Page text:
Springfield's arts community relies on strong community engagement from dedicated patrons and a legion of volunteers. Volunteers provide the necessary support in times of dwindling funding and tight staff capacity. The AEP5 found that 1,678 volunteers donated 98,237 hours to arts and culture organizations in Springfield in 2015.
The longevity of many community arts organizations has developed this robust volunteer base. Springfield Little Theatre has been in continuous use since 1909. The Springfield Symphony Orchestra formed in 1930 as the Springfield Symphony Society. Artsfest, in its 37th year, drew 20,000 guests in 2017 with the help of 200 volunteers. As these organizations have evolved, so have their abilities to engage and connect with the community.
Less tenured events are fueled by celebration and access. First Friday Art Walk, which became a regular downtown Springfield event in 2001, attracts 5,000 people at 24 exhibiting venues each month. The recent development of public art campaigns, like Sculpture Walk Springfield and pole painting in North Springfield's Moon City Creative District, provide ongoing arts interactions.
With limited and often shrinking resources, arts organizations depend upon intensive coordination, collaboration, and sharing to continue crucial programming. Arts in the Park Summer Workshops introduces underserved children from the Springfield Community Center to arts education over a two-month period each summer. The collaboration includes nine arts organizations, Missouri State University, Springfield Public Schools, and the Community Center.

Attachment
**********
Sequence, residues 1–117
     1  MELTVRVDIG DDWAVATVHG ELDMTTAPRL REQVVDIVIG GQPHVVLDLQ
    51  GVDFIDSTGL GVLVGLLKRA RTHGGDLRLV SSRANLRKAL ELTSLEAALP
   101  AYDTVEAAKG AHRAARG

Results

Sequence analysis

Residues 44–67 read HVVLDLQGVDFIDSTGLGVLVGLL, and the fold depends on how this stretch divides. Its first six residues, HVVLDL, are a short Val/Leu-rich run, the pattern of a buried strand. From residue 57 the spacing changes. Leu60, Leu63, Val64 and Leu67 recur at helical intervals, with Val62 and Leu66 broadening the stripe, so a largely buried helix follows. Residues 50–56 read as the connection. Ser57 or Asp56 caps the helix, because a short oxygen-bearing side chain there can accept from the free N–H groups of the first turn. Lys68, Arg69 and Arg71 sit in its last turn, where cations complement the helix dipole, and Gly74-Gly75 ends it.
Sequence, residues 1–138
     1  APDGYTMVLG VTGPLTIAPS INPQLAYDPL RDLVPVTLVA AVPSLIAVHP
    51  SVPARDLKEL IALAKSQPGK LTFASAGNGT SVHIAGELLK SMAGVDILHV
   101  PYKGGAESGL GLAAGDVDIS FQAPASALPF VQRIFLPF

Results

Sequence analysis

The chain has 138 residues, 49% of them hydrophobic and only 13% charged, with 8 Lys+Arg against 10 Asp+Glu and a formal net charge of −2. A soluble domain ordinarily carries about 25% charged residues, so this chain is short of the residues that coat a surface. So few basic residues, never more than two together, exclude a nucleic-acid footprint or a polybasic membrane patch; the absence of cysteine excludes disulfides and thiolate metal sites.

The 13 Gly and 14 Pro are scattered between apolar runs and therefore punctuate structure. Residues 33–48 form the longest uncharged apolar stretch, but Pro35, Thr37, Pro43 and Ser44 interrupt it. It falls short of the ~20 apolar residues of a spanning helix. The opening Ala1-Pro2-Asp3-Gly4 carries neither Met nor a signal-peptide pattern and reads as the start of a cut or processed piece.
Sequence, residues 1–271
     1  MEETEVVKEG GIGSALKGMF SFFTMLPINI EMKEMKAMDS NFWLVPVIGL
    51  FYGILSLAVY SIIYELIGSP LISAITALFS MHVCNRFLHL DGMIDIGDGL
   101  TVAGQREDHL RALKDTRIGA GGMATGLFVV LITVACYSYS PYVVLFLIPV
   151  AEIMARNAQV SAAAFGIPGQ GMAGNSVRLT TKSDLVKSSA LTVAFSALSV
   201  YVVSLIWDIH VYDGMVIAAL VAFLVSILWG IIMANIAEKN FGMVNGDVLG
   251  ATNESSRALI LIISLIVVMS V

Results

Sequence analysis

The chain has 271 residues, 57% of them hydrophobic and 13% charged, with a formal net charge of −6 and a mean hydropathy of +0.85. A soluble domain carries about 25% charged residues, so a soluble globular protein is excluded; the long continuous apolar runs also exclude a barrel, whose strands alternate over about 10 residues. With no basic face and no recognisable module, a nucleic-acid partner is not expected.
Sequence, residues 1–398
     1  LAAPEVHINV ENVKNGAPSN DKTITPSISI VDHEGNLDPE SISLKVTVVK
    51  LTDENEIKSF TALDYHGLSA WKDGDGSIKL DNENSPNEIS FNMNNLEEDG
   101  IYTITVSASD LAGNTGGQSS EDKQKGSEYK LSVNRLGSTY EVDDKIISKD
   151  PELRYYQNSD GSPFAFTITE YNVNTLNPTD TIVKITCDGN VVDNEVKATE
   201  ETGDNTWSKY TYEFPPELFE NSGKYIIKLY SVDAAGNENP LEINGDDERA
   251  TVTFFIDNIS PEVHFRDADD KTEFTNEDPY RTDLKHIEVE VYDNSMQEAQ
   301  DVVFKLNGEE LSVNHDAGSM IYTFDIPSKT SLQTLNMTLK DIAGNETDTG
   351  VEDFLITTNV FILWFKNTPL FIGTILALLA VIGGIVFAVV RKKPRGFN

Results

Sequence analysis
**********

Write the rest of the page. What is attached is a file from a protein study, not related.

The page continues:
Private and public entities alike participate in cross collaboration to address a diverse range of challenges and opportunities. Four organizations (the Springfield-Greene County Park Board, Sculpture Walk Springfield, Ozark Greenways, and the Springfield Regional Arts Council) collaborated for a Collective Impact grant from Community Foundation of the Ozarks to place four permanent sculptures in Jordan Valley Park in late 2017, an effort to address the 2015 community red flag of obesity. This focus on collaboration often extends beyond the arts and culture community to build connections to area businesses and other nonprofits, important pieces of the arts ecosystem.
Sustainable arts funding — a consistent red flag in each Community Focus Report — continually eludes groups, and the threat of further cuts in funding at the national level has arts organizations bracing for even tighter budgets.